Kyle Gibson

Kyle Gibson and the First Pitch Blues

Kyle Gibson struggled in 2016. This is hardly news for Twins fans after a 103 loss season. In the midst of the #DealDozier sweepstakes the Twins have several other areas that will have to improve if they are going to compete with a division which is weakened from 2016, but with an emerging super power in Cleveland. The primary reason the Twins must trade Dozier lies in his value reaching its peak; this fact, combined with the difficulty mid-market teams face in producing enough front-line pitching talent to win a division (never mind the World Series) also bring us back to Gibson. If the Twins are to take a step forward in 2017, Minnesota’s 2009 first rounder will have to rebound to help anchor a rotation made up largely of unreliable pieces outside of Ervin Santana.

In 2015 Gibson appeared to be developing into the number three starter the Twins had hoped for when drafting him as a first round value play in 2009. In 194 plus innings he posted his best ERA 3.84, WHIP 1.28, SO/9 6.7 while posting a 3.96 FIP, all very tidy numbers. By contrast in 2016 his numbers jumped to a career worst ERA 5.07, WHIP 1.56, and FIP 4.70. What’s interesting in Gibson’s case, is some of the numbers which underlie his 2016 struggles.

Anecdotally, Gibson seemed to struggle early in the count in 2016, with hitters being very aggressive at attacking his first pitch. Below is a heat map of Gibson’s pitch percentage on 0-0 counts against lefties with his two seam fastball (the pitch he most typically starts off a hitter with). As you might expect from a ground ball hitter, the majority of Gibson’s pitches were located down and away versus left handed hitters.

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Here’s a similar look for right handed hitters in 2016. As you can see, Gibson typically locates down and in or down and away to right handed hitters.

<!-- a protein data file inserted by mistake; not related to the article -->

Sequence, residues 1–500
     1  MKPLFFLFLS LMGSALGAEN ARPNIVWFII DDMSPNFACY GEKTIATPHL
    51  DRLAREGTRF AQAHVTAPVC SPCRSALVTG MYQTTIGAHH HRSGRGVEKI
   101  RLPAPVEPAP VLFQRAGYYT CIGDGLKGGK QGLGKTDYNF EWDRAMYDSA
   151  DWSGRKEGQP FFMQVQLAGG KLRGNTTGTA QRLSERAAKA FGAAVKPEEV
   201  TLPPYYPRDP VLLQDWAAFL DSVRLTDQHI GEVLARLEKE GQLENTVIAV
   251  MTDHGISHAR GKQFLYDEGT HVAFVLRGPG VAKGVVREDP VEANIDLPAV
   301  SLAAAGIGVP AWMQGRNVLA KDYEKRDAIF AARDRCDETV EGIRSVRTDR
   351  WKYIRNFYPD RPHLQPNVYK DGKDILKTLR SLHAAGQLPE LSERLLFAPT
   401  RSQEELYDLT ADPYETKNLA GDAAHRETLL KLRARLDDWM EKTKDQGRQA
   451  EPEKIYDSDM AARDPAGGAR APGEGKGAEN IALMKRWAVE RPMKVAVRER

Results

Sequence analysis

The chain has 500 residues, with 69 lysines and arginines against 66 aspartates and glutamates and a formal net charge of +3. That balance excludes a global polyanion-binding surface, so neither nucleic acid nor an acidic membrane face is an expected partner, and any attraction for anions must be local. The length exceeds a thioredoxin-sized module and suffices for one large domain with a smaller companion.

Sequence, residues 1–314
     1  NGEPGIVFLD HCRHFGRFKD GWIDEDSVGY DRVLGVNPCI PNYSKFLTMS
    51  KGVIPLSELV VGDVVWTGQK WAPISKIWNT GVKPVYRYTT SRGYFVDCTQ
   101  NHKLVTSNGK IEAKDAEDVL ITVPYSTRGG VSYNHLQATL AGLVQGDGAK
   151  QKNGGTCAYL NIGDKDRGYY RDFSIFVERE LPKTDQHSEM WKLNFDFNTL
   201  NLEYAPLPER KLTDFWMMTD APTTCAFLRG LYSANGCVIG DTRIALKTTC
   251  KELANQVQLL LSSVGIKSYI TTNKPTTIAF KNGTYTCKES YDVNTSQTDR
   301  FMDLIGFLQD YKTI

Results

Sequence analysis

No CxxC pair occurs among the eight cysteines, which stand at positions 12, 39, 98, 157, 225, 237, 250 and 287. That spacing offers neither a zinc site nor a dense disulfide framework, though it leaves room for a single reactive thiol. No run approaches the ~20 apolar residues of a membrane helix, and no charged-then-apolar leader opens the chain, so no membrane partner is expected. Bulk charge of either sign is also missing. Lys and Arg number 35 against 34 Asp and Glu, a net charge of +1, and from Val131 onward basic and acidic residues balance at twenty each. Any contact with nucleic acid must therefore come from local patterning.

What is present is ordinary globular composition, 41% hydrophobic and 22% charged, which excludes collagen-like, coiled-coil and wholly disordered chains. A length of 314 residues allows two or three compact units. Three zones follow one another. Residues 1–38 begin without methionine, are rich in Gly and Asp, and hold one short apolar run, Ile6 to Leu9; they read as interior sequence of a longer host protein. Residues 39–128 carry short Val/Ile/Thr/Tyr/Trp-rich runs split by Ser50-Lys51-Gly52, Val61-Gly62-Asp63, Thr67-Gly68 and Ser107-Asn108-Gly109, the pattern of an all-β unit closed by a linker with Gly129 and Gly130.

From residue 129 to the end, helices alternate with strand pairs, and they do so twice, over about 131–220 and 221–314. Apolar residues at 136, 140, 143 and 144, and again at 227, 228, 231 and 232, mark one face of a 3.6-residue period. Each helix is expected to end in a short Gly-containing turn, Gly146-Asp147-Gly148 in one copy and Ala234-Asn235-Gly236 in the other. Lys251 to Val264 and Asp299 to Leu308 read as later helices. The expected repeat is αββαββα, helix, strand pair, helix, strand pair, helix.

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The biggest issue Gibson faced in 2016 was that opposing hitters picked up on this tendency and drilled his two seam fastball. On the first pitch of an AB, opposing hitters crushed Gibson to the tune of a .467 average while slugging .907 off him. Gibson also gave up 17 XBHs including 8 HR on the first pitch of an AB. In 2015, hitters slugged a much more respectable .538 in first pitch situations, giving up 10 less XBHs. Below is a similar heat map for Gibson’s two seam fastball location in 0-0 counts in 2015, his best season as a Twin, where he spread the ball around the strike zone significantly more.

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One of the few clues we have been given about the proclivities of Derek Falvey and Thad Lavine came through their signing of Jason Castro, an offensive struggler known for his pitch framing. This is perhaps indicative of a desire of the front office to put a greater emphasis on more detailed statistics and analytics than Terry Ryan. Castro is undeniably a defensive upgrade over Kurt Suzuki, who struggled in various defensive metrics throughout his tenure with the Twins. One attraction of Castro in addition to his pitch framing is his experience and quality in leading a staff and as a signal caller. Gibson struggled significantly with Suzuki in 2016 to the tune of a 6.15 ERA with opposing hitters managing a .359 BaBIP, compared to a 3.72 ERA and .293 BaBIP when caught by Juan Centeno or John Ryan Murphy. This trend is also true of 2015 (Gibson’s best season as a Twin) in which he performed significantly worse when Suzuki was behind the plate compared with Chris Hermann or Eric Fryer.

Whatever the exact reason behind Gibson and Suzuki’s lack of chemistry one would think Castro will be a shot in the arm to a pitcher the Twins desperately need to take a significant step forward in 2017.